As the number of connected devices and computer networks grows, so does the number of cybercrimes. Phishing attacks account for 25% of all cyber breaches, with 85% involving the human element.
Most of these attacks could have been prevented simply by training employees to avoid suspicious emails, malicious links, and unexpected online requests for information.
The consequences of phishing attacks can be devasting. They can cost companies millions of dollars. While larger companies may survive such attacks, smaller businesses have a more challenging time rebounding.
Let’s take a closer look at what usually follows a successful phishing attack and how to avoid severe consequences.
What is a phishing attack?
A phishing attack is a cybercrime that involves fooling a person into sharing sensitive data and disclosing personal information. This attack often comes in the form of an email that contains an embedded link. An email seems to come from a credible organization, such as a financial institution. It provides a link that looks highly legit. However, that link redirects users to a criminal’s website.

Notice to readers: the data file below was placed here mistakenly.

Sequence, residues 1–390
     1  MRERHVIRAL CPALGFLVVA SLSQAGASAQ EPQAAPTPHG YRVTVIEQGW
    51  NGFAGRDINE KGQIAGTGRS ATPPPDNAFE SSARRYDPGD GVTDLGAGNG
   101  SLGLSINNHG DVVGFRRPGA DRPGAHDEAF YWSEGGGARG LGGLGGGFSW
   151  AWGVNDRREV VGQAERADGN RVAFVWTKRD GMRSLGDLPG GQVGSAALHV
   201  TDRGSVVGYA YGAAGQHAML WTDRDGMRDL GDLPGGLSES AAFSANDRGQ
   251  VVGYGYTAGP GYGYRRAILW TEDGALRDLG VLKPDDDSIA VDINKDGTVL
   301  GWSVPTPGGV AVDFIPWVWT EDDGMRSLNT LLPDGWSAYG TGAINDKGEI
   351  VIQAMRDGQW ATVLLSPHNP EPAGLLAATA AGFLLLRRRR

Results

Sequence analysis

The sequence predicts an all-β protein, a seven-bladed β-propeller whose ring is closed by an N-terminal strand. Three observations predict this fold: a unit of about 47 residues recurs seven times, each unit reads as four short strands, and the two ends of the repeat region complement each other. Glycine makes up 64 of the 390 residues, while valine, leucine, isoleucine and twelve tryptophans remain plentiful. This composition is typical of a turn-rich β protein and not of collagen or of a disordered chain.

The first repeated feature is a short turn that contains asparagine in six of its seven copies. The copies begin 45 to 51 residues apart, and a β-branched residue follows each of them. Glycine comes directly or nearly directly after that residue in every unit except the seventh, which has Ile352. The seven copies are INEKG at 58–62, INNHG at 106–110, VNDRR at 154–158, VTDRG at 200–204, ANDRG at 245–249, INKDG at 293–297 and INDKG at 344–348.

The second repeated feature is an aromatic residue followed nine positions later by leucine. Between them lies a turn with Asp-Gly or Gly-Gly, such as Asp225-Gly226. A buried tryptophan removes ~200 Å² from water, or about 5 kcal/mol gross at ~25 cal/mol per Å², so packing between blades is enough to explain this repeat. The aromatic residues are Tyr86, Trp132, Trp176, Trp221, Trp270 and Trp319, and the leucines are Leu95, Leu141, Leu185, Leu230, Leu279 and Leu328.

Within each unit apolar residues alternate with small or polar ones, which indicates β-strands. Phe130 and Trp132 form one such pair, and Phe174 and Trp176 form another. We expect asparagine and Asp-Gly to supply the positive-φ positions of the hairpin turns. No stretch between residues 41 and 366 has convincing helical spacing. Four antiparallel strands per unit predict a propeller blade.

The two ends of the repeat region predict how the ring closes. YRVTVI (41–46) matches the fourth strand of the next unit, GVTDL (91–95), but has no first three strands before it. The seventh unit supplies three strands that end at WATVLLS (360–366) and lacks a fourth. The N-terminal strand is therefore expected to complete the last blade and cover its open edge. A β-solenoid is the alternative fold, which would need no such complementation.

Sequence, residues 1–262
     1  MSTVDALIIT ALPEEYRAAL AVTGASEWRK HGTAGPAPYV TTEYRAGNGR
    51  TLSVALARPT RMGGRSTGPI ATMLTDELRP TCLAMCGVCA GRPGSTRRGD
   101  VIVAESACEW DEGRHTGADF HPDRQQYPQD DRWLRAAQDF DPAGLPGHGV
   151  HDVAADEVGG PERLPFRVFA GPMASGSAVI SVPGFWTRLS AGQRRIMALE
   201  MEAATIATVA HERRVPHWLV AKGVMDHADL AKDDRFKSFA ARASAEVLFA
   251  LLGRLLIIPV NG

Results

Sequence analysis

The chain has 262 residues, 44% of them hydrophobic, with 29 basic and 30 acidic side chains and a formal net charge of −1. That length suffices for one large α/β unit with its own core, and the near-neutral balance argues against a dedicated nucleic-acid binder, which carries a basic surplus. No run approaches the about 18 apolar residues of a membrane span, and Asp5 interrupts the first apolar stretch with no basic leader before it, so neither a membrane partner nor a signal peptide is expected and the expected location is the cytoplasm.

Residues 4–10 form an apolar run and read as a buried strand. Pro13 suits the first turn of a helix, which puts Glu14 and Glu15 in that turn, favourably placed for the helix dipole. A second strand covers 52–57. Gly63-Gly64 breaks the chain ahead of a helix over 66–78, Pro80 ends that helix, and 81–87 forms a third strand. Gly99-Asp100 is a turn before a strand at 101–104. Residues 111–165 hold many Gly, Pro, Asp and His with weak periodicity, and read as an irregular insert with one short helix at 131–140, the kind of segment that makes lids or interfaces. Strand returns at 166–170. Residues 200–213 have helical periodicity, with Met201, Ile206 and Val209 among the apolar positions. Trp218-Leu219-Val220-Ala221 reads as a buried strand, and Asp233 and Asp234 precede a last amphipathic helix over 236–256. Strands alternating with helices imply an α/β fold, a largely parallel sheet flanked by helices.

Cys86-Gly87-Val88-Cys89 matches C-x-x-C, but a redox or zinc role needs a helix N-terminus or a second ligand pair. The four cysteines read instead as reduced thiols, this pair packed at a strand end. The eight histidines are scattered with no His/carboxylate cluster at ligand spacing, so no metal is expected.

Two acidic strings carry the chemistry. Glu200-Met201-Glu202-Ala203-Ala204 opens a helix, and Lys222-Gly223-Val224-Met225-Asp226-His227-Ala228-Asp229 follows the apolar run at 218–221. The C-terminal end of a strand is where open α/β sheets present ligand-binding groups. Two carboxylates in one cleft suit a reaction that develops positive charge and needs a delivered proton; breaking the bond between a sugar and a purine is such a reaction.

Unknowingly, the user shares sensitive information, including:
- Name and other personal details
- Credit card number
- Logins and passwords
Anything they type into the informational fields of the fake website goes into the hands of criminals, who use it for various illegal purposes.
Social Engineering Attack
More than a third of phishing attacks involve social engineering. Social engineering is the process of convincing someone to do something. In the context of phishing attacks, social engineering tactics include fooling a person into sharing information.